I hope Barkers’ alright, as I’ve never seen a guy wilt to the canvas without taking a solid shot the way he did.
It reeks of an injury or lack of will to continue, but I’d hate to hear he had a brain bleed or something.
Enough with that shit, back to the Azn celebration!
Rafael Marquez has been getting long in the tooth ever since his costly series of fights against Israel Vasquez, so in many ways I guess he was the perfect opponent for Nishioka to test mettle against.
That is, he entered the ring shopworn, but still strong and bearing solid name-recognition.
In any case, I am immensely proud of Nishioka for his historic victory, and I greatly look forward to watching the fight to see just how well he did.
Despite this, as much as I’ll root for him, in all honestly I don’t see Nishioka being able to handle the likes of Nonito Donaire.
Like I said though, I’ll still be rooting for him, should that fight materialize in the near future.
Scores: 117-111, 116-112, and 115-113, Nishioka UD 12
September 30, 2011 • 9:30 PM 0
Well folks, it’s that time again.
Tomorrow night, a Japanese boxer will once again challenge fate and attempt to defend their world title on American soil.
Said boxer is Toshiaki Nishioka, a hard-punching and tenacious veteran who will be defending his Super Bantamweight title against the equally powerful, but slighty shopworn Rafael Marquez.
It might not sound like a big deal to us here in the states, but to date, no Japanese fighter has ever succeeded in defending a legit world title on American soil.
The last champion to step up to the challenge, was former Jr. Featherweight champion Akifumi Shimoda, who if you’ll recall was knocked senseless in the 7th round via a left hook to the jaw from the challenger, and now champion; Rico Ramos.
Though it hurt to watch Shimoda lose in such dramatic fashion, but in my heart I knew it was to be expected.
I keep tabs on quite a few Japanese fighters, and in that sense I feel the fact that Shimoda was never one of them should speak to his abilities/promise as a fighter.
Besides, the man he won the title from, Ryo Li Lee; was perhaps the biggest underdog champs in recent memory, so in many ways it’s surprising that Teiken was willing to take the gamble in sending Shimoda to the states without a few more tune-up fights under his belt.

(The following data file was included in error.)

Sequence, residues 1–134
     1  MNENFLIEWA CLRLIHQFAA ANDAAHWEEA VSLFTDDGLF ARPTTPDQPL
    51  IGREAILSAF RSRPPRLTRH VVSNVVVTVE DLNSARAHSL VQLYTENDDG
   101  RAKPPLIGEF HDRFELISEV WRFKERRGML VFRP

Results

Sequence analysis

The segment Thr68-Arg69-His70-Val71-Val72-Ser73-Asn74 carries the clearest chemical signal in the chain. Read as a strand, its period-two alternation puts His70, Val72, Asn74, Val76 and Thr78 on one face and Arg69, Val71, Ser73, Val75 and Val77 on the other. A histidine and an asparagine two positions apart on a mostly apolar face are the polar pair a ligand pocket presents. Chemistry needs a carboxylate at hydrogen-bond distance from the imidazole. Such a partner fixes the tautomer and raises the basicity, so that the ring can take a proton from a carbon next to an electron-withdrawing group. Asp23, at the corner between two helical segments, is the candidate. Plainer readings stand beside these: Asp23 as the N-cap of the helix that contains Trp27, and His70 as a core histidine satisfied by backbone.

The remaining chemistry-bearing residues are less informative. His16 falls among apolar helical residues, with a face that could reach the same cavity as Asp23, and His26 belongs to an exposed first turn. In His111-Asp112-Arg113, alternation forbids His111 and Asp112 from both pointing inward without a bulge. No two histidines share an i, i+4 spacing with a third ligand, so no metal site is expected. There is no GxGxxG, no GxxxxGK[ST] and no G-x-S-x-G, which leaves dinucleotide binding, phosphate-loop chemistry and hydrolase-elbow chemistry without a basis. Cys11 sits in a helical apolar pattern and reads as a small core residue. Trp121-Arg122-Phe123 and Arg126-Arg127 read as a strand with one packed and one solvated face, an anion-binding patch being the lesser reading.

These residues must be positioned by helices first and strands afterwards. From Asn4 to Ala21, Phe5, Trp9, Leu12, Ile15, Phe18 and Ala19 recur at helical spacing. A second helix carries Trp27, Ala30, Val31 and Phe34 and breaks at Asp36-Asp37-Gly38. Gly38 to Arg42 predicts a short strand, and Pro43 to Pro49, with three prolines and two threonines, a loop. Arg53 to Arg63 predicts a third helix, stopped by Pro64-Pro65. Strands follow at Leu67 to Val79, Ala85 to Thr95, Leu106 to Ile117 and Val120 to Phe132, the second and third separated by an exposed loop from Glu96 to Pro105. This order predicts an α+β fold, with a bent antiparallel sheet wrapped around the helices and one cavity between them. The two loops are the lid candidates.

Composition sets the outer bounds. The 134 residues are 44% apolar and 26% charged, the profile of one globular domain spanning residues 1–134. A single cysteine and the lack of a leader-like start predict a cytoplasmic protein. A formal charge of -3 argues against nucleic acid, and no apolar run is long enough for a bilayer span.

That being said, unlike Shimoda, I truly believe Toshiaki Nishioka is the real deal:
He was never as good as I hoped he would be, but I “picked” him, and wasn’t about to lose faith in him just because of a few losses.
That’s just who I am.
While Nishioka may not be “my guy,” the fact of the matter is, he’s likely one of the best Japanese world champion boxers of his generation.
2 names always pop up in discussions involving the current state of Japanese boxing, namely that of Koki Kameda, and Toshiaki Nishioka.
While Kameda is easily the more popular fighter, especially among Japanese fans, in my mind I view the older and more accomplished Nishioka as the better and more complete fighter.
Kameda has immense potential, but I don’t see his no-jab, counter heavy-style sustaining him on the world stage for very long.
Like many Japanese boxers, Nishioka took a few losses early in his career, though this in no way prevented his career from being a consistent march upward in terms of quality of opposition.
Left-handed and atypically powerful and gutsy for a Japanese fighter, Nishioka’s only real sore spot in his career was in the early 2000’s when he fought the immensely prolific and longstanding Bantamweight champ, Veeraphol Sahaprom a mind-boggling 4 times in as many years.
During this series of fights, Nishioka lost to, and drew with Sahaprom 2 times, with each fight going the distance and being closely contested on the scorecards.
Despite Nishioka’s 4 attempts to dethrone Sahaprom, it was my boy Hozumi Hasegawa who ultimately succeeded in 2004 via unanimous decision.
Not only that, Hasegawa KO’d Sahaprom in the rematch the following year, thereby cementing his reputation as a true Bantamweight champion.
Nishioka got a badass clip, so I figure it’s only fair I give one to my boy Hasegawa as well:
In fighting Sahaprom, I feel Nishioka came up short due to a clash of styles.
Nishioka isn’t the most elusive of fighters, making him easy prey for Sahaprom’s cagey tactics and seasoned boxing.
In this way, Hasegawa’s superior handspeed and constant lateral movement were likely responsible for his victories over Sahaprom.
Nishioka may not have Hasegawa’s speed or elusiveness, but he does have a solid chin, power in both hands, and the tenacity of a pit bull.
That counts for a lot when you’re a world class Southpaw with soild fundamentals.
At 35 years old, may not have many fights left in him, nor does his “on paper” reputation paint him as the best of fighters, but as of writing this, I truly believe him to be the best active boxer in Japan, and potentially in his weight class.
Despite his age, Nishioka hasn’t lost since 2004, and in the days since then, his career has blossomed in a renaissance of sorts, rewarding him with sound victories and highlight reel knockouts against solid competition.